Get Cultured

During spring break of 2017, I went on a spring break mission trip to Tabacundo, Ecuador. Besides the mission work that our team did, we got a little break and got to explore and interact with the Ecuadorian culture. Ecuador is famous for being close to the sun, hence the name of the country “Ecuador”, which means Equator in Spanish. In one of the major cities, Quito, we got to go to latitude 00°00’00” at the the Intiñan Solar Museum.

The Intiñan Solar Museum is unique because of its location, and what they museum holds. One special thing about this museum is that it’s all outdoors. Occasionally we had to walk inside a hut for exhibition purposes, but the whole museum was outside, which exposed us to the culture, which I thought was very refreshing.

When our team first arrived there, we encountered a unique Ecuadorian dance that involved the audience. The man was dressed up in a costume I don’t think I could ever describe because of the various parts, and there was a little girl in colorful dress that danced with him. I loved this part of the the museum trip because we got to participate in a crowd dance with the man and little girl, and I think that hands on interaction is one of the best ways to learn, especially at a museum.

After the cultural dance, we waited for our tour guide to show us around all of the different sections of the museum. Some of the sections include huts, the amazonian rainforest tribes, and of course latitude 00°00’00” and all of the activities that go along with the equator.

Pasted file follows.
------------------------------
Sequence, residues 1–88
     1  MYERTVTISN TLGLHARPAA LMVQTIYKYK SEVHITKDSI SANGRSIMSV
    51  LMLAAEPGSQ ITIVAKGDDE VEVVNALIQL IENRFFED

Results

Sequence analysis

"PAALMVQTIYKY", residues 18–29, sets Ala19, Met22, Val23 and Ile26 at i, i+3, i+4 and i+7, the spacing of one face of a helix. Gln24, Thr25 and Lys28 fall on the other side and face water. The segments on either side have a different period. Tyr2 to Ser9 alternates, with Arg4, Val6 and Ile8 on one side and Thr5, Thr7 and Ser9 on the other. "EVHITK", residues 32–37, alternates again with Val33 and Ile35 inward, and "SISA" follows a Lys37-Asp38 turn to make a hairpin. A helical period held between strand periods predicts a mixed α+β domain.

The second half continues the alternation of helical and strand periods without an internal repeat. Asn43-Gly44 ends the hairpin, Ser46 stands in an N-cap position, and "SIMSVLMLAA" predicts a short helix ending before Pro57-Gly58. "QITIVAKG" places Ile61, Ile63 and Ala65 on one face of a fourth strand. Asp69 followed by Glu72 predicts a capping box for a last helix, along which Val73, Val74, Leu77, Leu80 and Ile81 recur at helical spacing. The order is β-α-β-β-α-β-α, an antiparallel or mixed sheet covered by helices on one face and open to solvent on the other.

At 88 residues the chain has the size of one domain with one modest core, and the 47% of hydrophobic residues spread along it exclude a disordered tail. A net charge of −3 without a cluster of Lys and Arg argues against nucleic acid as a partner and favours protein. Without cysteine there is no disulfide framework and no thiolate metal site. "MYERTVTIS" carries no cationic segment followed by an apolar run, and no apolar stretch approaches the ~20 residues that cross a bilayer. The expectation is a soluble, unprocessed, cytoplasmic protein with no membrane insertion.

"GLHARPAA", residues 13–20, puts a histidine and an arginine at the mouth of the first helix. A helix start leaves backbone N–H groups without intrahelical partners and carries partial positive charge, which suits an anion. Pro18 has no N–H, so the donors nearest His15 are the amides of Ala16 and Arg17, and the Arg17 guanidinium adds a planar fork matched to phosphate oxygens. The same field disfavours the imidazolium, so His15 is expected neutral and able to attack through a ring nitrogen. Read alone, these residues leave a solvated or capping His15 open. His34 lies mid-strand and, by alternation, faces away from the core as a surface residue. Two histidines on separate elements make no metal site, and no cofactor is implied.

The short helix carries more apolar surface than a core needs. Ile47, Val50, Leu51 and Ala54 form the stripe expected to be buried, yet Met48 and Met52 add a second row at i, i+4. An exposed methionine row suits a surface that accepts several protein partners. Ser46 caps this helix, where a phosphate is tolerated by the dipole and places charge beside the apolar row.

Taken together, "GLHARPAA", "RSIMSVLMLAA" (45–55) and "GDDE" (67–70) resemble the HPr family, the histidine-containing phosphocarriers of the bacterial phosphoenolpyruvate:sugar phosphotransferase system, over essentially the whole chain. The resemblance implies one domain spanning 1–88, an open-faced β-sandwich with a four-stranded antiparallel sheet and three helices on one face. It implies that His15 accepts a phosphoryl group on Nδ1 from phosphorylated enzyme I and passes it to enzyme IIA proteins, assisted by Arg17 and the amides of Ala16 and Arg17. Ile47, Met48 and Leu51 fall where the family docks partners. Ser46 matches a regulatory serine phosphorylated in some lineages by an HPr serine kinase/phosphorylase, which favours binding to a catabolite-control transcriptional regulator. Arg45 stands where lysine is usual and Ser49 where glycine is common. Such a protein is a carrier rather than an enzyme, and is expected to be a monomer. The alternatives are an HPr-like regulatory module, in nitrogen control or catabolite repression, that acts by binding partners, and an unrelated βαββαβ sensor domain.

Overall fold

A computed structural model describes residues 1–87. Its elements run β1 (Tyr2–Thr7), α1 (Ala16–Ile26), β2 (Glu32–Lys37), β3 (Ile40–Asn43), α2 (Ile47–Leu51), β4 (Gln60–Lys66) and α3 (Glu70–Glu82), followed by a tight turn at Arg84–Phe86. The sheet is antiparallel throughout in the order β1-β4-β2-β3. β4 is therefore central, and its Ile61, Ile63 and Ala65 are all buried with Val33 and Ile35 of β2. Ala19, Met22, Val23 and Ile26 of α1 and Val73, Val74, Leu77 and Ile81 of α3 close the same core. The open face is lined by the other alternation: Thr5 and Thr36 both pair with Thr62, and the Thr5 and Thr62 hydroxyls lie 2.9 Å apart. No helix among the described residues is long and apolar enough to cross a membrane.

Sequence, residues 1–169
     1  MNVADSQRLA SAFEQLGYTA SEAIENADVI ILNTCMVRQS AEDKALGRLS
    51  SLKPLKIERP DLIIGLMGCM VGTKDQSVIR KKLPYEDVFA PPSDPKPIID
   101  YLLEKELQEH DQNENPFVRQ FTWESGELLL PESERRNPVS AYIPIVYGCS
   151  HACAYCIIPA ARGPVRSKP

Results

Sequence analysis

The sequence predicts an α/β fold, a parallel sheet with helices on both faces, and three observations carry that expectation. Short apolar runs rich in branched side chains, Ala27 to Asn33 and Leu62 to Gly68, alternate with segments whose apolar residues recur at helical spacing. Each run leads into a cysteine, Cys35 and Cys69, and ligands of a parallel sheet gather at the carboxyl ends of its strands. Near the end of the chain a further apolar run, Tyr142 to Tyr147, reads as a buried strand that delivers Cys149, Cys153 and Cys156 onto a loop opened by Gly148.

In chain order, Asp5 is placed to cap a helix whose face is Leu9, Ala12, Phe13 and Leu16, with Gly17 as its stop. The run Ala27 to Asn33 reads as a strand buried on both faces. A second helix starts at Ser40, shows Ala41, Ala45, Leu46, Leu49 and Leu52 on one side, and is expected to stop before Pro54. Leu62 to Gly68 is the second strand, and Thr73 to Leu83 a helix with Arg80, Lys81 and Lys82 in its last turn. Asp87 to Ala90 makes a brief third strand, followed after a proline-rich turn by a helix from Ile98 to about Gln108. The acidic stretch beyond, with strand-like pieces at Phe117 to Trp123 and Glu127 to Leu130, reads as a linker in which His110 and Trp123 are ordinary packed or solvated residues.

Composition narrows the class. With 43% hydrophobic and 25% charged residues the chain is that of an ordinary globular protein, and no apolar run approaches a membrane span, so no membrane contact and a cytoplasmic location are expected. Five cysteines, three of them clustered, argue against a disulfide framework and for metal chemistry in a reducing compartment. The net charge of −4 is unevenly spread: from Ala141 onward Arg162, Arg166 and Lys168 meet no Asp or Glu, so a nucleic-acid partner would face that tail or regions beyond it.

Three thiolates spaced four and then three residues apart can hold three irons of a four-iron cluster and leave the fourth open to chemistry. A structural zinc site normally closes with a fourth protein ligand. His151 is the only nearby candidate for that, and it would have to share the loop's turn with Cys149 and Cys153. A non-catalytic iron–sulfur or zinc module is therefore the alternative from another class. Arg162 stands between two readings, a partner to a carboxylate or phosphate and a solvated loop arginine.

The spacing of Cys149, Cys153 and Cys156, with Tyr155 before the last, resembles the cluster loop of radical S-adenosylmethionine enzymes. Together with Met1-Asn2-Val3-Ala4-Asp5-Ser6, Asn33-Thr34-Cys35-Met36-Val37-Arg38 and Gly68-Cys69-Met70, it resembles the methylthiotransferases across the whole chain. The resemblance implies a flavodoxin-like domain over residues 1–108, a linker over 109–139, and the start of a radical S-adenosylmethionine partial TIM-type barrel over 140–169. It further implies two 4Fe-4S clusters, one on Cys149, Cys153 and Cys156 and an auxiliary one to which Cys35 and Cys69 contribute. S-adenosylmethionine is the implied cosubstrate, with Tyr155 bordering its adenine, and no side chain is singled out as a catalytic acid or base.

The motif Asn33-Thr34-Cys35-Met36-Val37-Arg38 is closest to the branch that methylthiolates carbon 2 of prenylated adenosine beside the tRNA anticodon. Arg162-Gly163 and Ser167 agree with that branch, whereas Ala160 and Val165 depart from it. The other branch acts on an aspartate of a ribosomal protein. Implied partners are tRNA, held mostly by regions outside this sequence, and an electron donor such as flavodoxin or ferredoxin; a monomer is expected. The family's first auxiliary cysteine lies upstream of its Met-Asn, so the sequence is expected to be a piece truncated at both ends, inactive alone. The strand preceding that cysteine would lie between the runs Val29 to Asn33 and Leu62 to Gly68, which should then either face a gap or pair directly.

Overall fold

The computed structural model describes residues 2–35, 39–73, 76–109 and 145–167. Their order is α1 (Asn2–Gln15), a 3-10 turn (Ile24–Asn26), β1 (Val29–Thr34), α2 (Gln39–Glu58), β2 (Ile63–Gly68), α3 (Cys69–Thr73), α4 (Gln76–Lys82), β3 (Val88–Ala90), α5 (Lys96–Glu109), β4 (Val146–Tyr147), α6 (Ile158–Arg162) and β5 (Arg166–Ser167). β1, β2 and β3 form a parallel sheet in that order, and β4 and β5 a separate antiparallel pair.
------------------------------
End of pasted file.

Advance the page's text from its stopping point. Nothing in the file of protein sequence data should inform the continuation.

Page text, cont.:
My favorite was learning about the amazonian tribes and gaining a new perspective on a culture I had previously knew nothing about. We learned some of the things they practiced, how they slept and lived, what they used to hunt with, and some of the things they practice now.

“My favorite part about the equator museum was learning about the cultures of the tribes living in the Amazon Rain Forest. It influenced me to view life from a different perspective, as the exotic tribes do. They may have seemingly odd traditions, but overall they stick together as a community. That is something you don’t see here in the states.” said team member, Elizabeth Thompson on her favorite part about the museum.

Something totally different than what I am used to is that one of the tribes practiced recently until 50 years ago the shrinking of heads. They would shrink their enemies heads and sew up the mouth so that the evil spirit couldn’t come out. I find that practice fascinating, especially because most people from the states would find the shrinking of heads absurd, but to that tribe, it was completely normal.

I loved getting to learn about the daily life of the amazonian tribe people and overall gaining new insight on a culture I knew little about. The Intiñan Solar Museum was a pleasant, and fun dip into a whole ocean of culture.


Abbey Watson


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